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dc.contributor.authorNorderhaug, Kjell Magnus
dc.contributor.authorAngles d'Auriac, M. B.
dc.contributor.authorFagerli, Camilla With
dc.contributor.authorGundersen, Hege
dc.contributor.authorChristie, Hartvig C.
dc.contributor.authorDahl, K.
dc.contributor.authorHobæk, Anders
dc.PublishedNorderhaug KM, Angles d'Auriac MAD, Fagerli C, Gundersen H, Christie Hc, Dahl K, Hobæk A. Genetic diversity of the NE Atlantic sea urchin Strongylocentrotus droebachiensis unveils chaotic genetic patchiness possibly linked to local selective pressure. Marine Biology. 2016;163:36eng
dc.description.abstractWe compared the genetic differentiation in the green sea urchin Strongylocentrotus droebachiensis from discrete populations on the NE Atlantic coast. By using eight recently developed microsatellite markers, genetic structure was compared between populations from the Danish Strait in the south to the Barents Sea in the north (56–79°N). Urchins are spread by pelagic larvae and may be transported long distances by northwards-going ocean currents. Two main superimposed patterns were identified. The first showed a subtle but significant genetic differentiation from the southernmost to the northernmost of the studied populations and could be explained by an isolation by distance model. The second pattern included two coastal populations in mid-Norway (65°N), NH and NS, as well as the northernmost population of continental Norway (71°N) FV. They showed a high degree of differentiation from all other populations. The explanation to the second pattern is most likely chaotic genetic patchiness caused by introgression from another species, S. pallidus, into S. droebachiensis resulting from selective pressure. Ongoing sea urchin collapse and kelp forests recovery are observed in the area of NH, NS and FV populations. High gene flow between populations spanning more than 22° in latitude suggests a high risk of new grazing events to occur rapidly in the future if conditions for sea urchins are favourable. On the other hand, the possibility of hybridization in association with collapsing populations may be used as an early warning indicator for monitoring purposes.en_US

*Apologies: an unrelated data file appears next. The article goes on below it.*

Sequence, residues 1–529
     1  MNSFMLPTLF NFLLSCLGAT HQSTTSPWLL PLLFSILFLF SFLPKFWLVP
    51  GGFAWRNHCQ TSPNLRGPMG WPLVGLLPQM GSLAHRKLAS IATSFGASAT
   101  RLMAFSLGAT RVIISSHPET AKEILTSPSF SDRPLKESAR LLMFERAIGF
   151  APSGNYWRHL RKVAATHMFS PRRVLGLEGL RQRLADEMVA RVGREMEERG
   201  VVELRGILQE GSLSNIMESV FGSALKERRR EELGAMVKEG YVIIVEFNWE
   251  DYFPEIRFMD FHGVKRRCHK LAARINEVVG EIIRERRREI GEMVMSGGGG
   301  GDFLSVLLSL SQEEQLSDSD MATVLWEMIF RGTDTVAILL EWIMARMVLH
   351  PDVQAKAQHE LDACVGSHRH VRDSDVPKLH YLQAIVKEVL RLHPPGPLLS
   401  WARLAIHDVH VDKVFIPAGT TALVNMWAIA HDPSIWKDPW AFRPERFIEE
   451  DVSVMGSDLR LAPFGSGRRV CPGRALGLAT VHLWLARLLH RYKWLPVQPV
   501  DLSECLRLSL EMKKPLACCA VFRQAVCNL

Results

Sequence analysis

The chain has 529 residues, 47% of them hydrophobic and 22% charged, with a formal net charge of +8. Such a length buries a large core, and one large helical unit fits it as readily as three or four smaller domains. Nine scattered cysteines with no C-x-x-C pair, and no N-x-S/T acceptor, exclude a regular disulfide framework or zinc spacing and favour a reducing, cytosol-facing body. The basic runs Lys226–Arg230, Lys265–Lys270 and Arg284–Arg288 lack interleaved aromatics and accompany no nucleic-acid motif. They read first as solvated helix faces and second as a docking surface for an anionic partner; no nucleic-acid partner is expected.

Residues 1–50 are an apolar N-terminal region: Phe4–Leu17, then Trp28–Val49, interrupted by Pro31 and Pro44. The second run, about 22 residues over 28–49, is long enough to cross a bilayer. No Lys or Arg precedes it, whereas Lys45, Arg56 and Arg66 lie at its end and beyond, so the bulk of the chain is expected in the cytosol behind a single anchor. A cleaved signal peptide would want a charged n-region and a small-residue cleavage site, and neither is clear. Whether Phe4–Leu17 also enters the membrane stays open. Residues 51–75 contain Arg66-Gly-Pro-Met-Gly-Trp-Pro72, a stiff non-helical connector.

dc.rightsAttribution CC BYeng
dc.subjectEffective Population Sizeeng
dc.subjectKelp Foresteng
dc.subjectPelagic Larvaeng
dc.subjectNorwegian Coasteng
dc.subjectPlanktonic Larval Stageeng
dc.titleGenetic diversity of the NE Atlantic sea urchin Strongylocentrotus droebachiensis unveils chaotic genetic patchiness possibly linked to local selective pressureen_US
dc.typePeer reviewed
dc.typeJournal article
dc.rights.holderCopyright 2016 The Authorsen_US
dc.source.journalMarine Biology

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